Sir David Davis raises concerns about curbs on civil legal aid


As published by the Law Gazette:

Government plans to restrict terrorists’ access to civil legal aid have been described as illogical by MPs, with a former attorney general saying he is ‘frankly worried’ by the proposals.

The National Security Bill will prevent individuals convicted of a terrorist offence after February 2001 from obtaining civil legal aid for up to 30 years, though they can apply to the Legal Aid Agency for an ‘exceptional case determination’.

Home secretary Priti Patel said the measures ‘will prevent the exploitation of the UK’s civil legal aid and civil damage systems by convicted terrorists by stopping public funds being given to those who could use them to support terror’.

‘When an individual commits an act of terrorism, they are rejecting the democratic state that provides the benefit of civil legal aid and it cannot be right that the same individual can then go on to receive civil legal aid funded by that very state,’ she said at the bill’s second reading yesterday.

However, former attorney general Sir Jeremy Wright said he is ‘frankly worried’ by the restrictions on civil legal aid in the bill, adding: ‘I do not think we have ever before contemplated determining someone’s eligibility for civil legal aid based on previous criminal behaviour.’

He asked: ‘Is there any logic in leaving convicted terrorists eligible for criminal legal aid in relation to future allegations against them, as they will rightly remain if this bill passes, but ineligible for civil legal aid?’

Wright also said: ‘There does not seem to me to be very much difference on a moral basis between terrorism offences and other serious criminal offences, such as child murder, serial rape or any number of others we might think of, to explain why only offences of terrorism would merit the removal of civil legal aid eligibility’.

Conservative MP David Davis similarly said the legal aid restrictions would ‘run the risk of the farcical situation where someone convicted of terrorism-related offences perhaps 20 years ago would be unable to rely on civil legal aid in seeking an injunction against a domestic abuser’.

Justice committee chair Sir Robert Neill also warned that the proposals would impact rehabilitated terrorist offenders, which he said ‘could be counter-productive and not consistent with our commitment to access to justice’.

Neill’s concerns echo those of the independent reviewer of terrorism legislation Jonathan Hall QC, who said last month that the plans carry a risk of ‘unintended consequences’.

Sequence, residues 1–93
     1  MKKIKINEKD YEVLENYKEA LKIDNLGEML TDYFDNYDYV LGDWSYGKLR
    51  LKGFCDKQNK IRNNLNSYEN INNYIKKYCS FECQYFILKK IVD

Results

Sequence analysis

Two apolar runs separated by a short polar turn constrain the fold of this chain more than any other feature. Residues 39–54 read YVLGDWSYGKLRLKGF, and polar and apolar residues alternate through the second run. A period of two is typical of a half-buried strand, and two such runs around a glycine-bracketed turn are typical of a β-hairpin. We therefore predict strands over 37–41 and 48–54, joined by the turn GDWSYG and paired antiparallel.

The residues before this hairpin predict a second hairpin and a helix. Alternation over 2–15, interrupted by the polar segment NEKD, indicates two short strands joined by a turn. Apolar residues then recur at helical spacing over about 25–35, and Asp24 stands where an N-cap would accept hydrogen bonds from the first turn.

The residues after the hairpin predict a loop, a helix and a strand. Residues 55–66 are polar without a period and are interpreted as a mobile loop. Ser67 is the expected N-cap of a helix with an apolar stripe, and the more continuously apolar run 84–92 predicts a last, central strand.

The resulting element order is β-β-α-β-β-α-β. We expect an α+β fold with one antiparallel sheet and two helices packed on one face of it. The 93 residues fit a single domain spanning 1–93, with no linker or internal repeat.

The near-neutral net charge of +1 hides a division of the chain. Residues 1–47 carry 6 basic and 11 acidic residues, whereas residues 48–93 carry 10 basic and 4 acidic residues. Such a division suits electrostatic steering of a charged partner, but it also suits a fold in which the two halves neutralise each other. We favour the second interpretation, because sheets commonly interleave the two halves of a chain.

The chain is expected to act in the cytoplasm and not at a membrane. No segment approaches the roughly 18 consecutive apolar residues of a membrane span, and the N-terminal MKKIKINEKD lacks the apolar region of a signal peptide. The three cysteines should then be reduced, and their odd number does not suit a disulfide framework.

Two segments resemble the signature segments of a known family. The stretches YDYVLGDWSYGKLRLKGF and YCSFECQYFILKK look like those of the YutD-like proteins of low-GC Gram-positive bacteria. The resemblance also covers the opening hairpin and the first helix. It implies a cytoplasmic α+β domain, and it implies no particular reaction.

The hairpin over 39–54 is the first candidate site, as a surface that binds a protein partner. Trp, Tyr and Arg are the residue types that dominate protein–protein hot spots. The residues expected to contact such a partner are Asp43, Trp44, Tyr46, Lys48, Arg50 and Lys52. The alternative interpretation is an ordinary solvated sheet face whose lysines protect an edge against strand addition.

‘No released terrorist offender is going to reoffend merely because their access to civil legal aid is restricted,’ Hall said in a briefing note to parliamentarians. ‘But legal advice and assistance is relevant to securing help on housing, debt and mental health. A homeless terrorist offender, or one whose mental health needs are unaddressed, will present a higher risk to the public.’

Hall also said that the government’s proposals marked ‘the first time that parliament has been asked to consider automatic symbolic restrictions on offenders convicted under terrorism legislation’.

‘If enacted, terrorist offenders are to be treated differently from other criminal offenders not on the basis of risk, but something else,’ he added. ‘If this principle is accepted, it may be asked why future legislation should stop at restrictions on civil legal aid and not apply to other civic payments provided in cases of need, such as housing benefit.’

Labour MP Maria Eagle said civil legal aid eligibility has never been ‘dependent on the nature of any previous conviction of the applicant in a blanket ban and certainly not whether they had been convicted of a particular type of offence in the past’. She asked the government to ‘consider whether introducing this novel way of determining eligibility for civil legal aid is the right way forward’.

‘One can always think of other types of offenders who perhaps do not “deserve” to get civil legal aid,’ Eagle added. ‘My concern is that introducing such a way of looking at eligibility may have a much broader implication that is not entirely good.’

Home Office minister Damian Hinds later said the legal aid proposal ‘applies only to [terrorist] offences involving a sentence of more than two years’ and emphasised that individuals could apply to the Legal Aid Agency for exceptional case funding.